Mercifully, Illinois will take its first bye this week, which means there isn't a defense about which fans may complain. HOWEVER, because this is the Champaign Room and we're all about helping you fulfill your duties as an Illini football fan, we're providing you with some prime, Grade A, 100 percent, purely horrific defense to whine about all day and night.
The following examples are the five biggest plays Purdue ran against Illinois two Saturdays ago. As always with Illinois football, viewer discretion is advised.
Play #1: Mostert Rush Left, 44 yards for a Touchdown
So here we have a play that Wisconsin essentially brought to the Big Ten (to my knowledge, at least). It's an inside zone run with a fly sweep action to distract the defense. The idea is to force the defense to respect the sweep, in the form of linebackers and safeties shading to the bottom of the screen, from this perspective.
Earnest Thomas III and T.J. Neal make the appropriate adjustments and slide down a bit. Taylor Barton (top right) slides down as well, but goes a bit too far for the situation in my opinion. Zane Petty and two linebackers would've been there if the sweep had been the play call. In any case, Purdue's left tackle is going to block Eaton Spence, the left guard is going to move Chunky Clements, and the center and left guard are going to double team Austin Teitsma.
Here is the critical point of the play. As the handoff occurs, it's fairly clear where Raheem Mostert is headed-the gap between the left guard and center. There's no shame in Teitsma being beaten by a double team, but either Mason Monheim or Chunky Clements has to step up and plug the hole. Clements (dude with three arrows pointing to him) is unfortunately shoved aside by the guard, leaving Monheim as the only able body.
For some unknown reason, in spite of the clear direction of the handoff, Monheim anticipates a cutback and makes a quick jump towards the bottom of the screen. He tries to flash back into the correct hole, but that moment's hesitation costs him a chance to stop this for a gain of merely a few yards. Instead, Mostert flies through the hole, past an over-rotated Taylor Barton, and into the end zone.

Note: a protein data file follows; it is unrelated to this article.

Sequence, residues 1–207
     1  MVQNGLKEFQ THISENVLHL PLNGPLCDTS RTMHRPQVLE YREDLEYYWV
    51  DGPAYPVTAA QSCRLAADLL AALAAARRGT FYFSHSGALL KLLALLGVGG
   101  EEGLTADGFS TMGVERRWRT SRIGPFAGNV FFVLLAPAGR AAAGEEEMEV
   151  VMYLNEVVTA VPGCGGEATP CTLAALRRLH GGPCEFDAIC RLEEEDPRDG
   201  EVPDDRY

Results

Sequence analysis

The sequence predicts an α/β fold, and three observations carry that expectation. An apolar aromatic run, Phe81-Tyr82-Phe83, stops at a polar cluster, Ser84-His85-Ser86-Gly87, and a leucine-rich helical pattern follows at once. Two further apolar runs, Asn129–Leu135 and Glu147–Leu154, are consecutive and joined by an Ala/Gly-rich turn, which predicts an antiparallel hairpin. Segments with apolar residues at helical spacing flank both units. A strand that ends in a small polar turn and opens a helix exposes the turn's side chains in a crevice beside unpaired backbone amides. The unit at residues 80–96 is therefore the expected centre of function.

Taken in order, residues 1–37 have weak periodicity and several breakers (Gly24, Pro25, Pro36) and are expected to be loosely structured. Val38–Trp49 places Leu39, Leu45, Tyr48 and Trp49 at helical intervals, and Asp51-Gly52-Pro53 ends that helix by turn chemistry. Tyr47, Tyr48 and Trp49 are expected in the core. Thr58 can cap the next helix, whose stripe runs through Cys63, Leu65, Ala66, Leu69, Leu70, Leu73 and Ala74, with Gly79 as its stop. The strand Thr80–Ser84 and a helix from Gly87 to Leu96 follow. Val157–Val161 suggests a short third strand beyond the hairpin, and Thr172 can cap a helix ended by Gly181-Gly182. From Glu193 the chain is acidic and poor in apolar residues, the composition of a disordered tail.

Making matters worse, Barton takes a poor angle to the ball carrier. He underestimates Mostert's speed and runs directly towards him. Mostert is currently a star for Purdue's track and field team. It should be well known that he has wheels. How Barton could make this mistake is beyond me. If he didn't know that Mostert was fast, that's probably on the coaching staff.
Ultimately though, this play came down to Mason Monheim's ability to identify the play call and Chunky Clements' ability to get off a block. Both failed in this instance, Monheim more egregiously. This was easily preventable and is one of the few plays in this sequence when the runner went untouched.
Here's video of the entire play, with a slow motion version directly following. View the horror yourself. Feast your eyes upon the incompetence. Feel sad.
Play #2: Hunt Rush Middle, 54 yards for a Touchdown